“Hola!” I called out. As designated Spanish speaker, I did most of the talking, though my vocabulary was approximately the size and complexity of the average four year old’s.

“¿Que pasó?” The guy asked, paddling his boat to stay in place. “¿A donde fueron? ¡Avía una tormenta muy fea! ¡ ¿No miran a las noticias?! ¡Y viene un otra hoy en la noche!” What happened? Where were you? A torment came, an ugly torment. Don’t you watch the news? Another one is coming tonight!”

And that’s how I learned how to say “storm” in Spanish. Tormenta. A torment.

The man grabbed the side of our boat and put down his oar. He was obviously upset. He began chattering away in Spanish, peppering his words with slang expressions I had no hope of understanding. I got the gist of it, though.

“He says he takes care of that other boat for its owner. He says we hit it—”

I looked where he was pointing. Oh, shit.


Sereia had quite a few scratches, that was for sure. And she was missing a chunk of her taff rail. But fifteen feet away, a tourist boat named “Coral Cristal” had its entire bow pulpit chewed off. It looked as though a sea monster had risen from the depths, taken a bite out of her, chewed her up and then spit her out. Her metal shade cover was also bent out of shape, twisted up like a child’s discarded toy.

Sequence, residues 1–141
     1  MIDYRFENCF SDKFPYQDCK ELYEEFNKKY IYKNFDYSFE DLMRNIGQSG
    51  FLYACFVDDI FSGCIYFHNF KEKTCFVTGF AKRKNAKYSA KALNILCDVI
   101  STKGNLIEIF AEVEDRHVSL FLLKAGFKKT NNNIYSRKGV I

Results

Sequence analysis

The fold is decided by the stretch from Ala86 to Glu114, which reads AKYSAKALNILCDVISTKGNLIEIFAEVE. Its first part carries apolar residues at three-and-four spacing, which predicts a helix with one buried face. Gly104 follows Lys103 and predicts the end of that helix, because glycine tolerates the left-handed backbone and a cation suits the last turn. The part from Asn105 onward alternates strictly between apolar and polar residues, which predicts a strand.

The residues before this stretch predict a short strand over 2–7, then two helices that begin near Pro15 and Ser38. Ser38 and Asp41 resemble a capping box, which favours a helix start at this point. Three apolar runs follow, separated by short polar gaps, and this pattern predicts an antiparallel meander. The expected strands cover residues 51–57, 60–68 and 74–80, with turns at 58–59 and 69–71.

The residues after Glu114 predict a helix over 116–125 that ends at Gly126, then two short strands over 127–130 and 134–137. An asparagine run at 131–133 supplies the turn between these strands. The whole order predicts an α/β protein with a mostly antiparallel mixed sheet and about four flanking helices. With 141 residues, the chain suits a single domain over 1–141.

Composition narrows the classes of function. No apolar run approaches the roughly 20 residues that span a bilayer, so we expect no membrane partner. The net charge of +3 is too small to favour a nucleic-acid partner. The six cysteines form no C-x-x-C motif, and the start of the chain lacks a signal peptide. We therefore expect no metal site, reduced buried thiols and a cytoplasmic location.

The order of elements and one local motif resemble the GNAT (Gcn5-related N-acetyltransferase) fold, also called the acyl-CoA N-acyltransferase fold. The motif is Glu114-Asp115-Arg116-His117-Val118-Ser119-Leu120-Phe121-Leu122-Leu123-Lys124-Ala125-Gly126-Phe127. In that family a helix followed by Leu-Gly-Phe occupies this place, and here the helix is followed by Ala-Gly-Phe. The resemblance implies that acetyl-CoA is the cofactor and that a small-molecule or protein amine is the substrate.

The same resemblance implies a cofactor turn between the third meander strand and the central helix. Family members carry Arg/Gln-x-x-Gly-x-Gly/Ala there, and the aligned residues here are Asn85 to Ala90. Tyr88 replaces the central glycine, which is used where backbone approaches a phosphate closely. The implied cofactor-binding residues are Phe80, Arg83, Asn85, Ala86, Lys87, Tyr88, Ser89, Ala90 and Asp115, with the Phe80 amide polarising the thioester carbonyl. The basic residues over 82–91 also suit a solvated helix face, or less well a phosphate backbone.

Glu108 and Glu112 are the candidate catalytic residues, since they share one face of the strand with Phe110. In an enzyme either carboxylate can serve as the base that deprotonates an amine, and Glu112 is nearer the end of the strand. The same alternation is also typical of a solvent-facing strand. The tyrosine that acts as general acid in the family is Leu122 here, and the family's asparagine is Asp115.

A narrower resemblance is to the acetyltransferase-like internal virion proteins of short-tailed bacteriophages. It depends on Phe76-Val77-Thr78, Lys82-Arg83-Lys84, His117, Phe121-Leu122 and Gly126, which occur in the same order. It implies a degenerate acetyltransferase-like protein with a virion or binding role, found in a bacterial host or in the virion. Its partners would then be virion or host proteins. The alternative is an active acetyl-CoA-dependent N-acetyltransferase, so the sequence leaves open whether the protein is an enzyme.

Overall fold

I looked down at our cockpit, trying to figure out where the impact point had been. That’s when I noticed the fiberglass. Little pieces of fiberglass everywhere, some pieces no larger than a fingernail, a couple of chunks as big as a beer can. They weren’t Sereia’s. They were from Coral Cristal.

“Oh, shit.” I turned to Peter. “This is gonna be expensive.”

“Tell him we want to speak to the owner of that boat,” Peter instructed. To me, he added, “We’re gonna have to pay him for the damages. I can’t believe we did that!”

I translated for the guy in the rowboat, but he was already taking off. “I’m gonna call my boss!” He was yelling in Spanish. “I’m gonna tell him you hit his boat!”